I really don’t care if every iota of information about me is global knowledge, with one exception. I don’t trust everybody to use that information conscientiously. That’s why I don’t give strangers the PIN number to my ATM card. Not because I care whether or not they know what it is – that makes no difference to me. (In fact, several times in my life it would have been helpful if there were more people I could ask about something I forgot.) The reason I don’t give strangers that kind of information about me is because I care about how they might choose to use that information, in ways that are selfish for them and potentially hurtful to me – like taking all of my money and buying themselves a yacht.

Ok, I don’t have anywhere near enough money to buy anybody a yacht, nor am I likely to any time soon, but you get the general idea.

Basically, I would prefer that everybody know everything about me so long as I can trust that nobody is going to try to interfere with my ability to choose the course of my life. That’s my ideal fantasy world, as far as privacy goes. The necessary precondition is that I need to be able to trust everybody, including my government, to behave responsibly and conscientiously with that information, but if I were ever to have such trust I’d feel no real need for privacy.

Now, all of this runs a funny circle in my head. Let me walk you through it.

I couldn’t find a hyperlink for the text I’m about to refer to, but a good friend of mine described a psychology study to me, wherein the participants were presented with a candy dish of the type you might find sitting on somebody’s desk, especially around Halloween. Each study participant is completely alone when they find the bowl and they have no reason to believe that anybody else might be watching. And sitting next to the candy dish is a sign that says, “Please take only one.”

The study participants are divided into two groups: one group encounters the candy dish as described above, just sitting by itself, while the second group encounters the candy dish sitting in front of a mirror. And it turns out, if I am recounting all of this correctly from memory, that people were noticeably more likely to limit themselves to only one piece of candy when the dish is sitting in front of the mirror.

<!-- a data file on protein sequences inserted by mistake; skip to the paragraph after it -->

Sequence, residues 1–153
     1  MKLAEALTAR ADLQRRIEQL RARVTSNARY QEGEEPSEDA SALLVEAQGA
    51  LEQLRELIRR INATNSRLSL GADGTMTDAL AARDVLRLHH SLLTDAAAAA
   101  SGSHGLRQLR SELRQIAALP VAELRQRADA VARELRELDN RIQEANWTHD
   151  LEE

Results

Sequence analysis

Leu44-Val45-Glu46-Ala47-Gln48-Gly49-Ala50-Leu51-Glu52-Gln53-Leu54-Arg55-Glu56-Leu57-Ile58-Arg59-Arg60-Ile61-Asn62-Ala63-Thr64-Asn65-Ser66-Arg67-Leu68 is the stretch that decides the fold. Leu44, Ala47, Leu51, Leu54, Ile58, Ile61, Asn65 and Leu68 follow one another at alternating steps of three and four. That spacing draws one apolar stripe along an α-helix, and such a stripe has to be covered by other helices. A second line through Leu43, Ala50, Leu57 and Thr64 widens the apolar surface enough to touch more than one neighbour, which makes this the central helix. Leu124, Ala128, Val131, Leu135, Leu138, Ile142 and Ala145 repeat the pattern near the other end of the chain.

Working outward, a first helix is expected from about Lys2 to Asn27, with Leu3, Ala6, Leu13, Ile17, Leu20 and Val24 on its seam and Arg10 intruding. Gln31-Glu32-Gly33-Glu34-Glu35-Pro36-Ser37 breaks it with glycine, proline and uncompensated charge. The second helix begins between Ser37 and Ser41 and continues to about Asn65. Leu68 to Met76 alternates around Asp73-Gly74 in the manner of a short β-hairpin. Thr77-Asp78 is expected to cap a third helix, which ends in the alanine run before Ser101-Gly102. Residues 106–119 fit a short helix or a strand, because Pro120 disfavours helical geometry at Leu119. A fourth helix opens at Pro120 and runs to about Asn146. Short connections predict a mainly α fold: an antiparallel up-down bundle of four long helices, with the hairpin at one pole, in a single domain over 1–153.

And now I’m really going to stretch my memory (sure could use an NSA transcript of all my conversations right about now!), but I also seem to recall that similar behavioral studies noticed that we’re more likely to wash our hands in a public bathroom if there’s a mirror present, and that we’re also more likely to wash our hands if there’s somebody else in the restroom at the same time.

The inference we might draw from this is that, generally speaking, we’re more likely to behave conscientiously if we have even just the “feeling” that somebody is watching. And that suggests to me a funny leap of logic that some of you are probably already starting to guess I’m going to make.

It would seem that, the less privacy I have (me, and everybody else, too – including everybody in government) then the more likely I am to be living in something resembling my ideal fantasy world. In my view, “privacy” as we tend to construe it on a day-to-day basis is in fact a liability – it makes the world a worse place for me to live in. And I’m selfish. I want to live in the nicest, most pleasant world that I can manage.

So screw privacy. It has damn little place in the 21st century, and we’ll all be better off if we just start getting used to the idea now. That way, we can free ourselves to focus on the real issues of conscientious behavior for ourselves and others.

Which brings me back to where I started this rant in the first place.

When I get concerned about the President of the United States issuing an executive order allowing the National Security Agency (NSA) to ignore FISA, which potentially means that the NSA has been listening to my phone conversations and reading my email without a warrant, I’m not worrying about my privacy.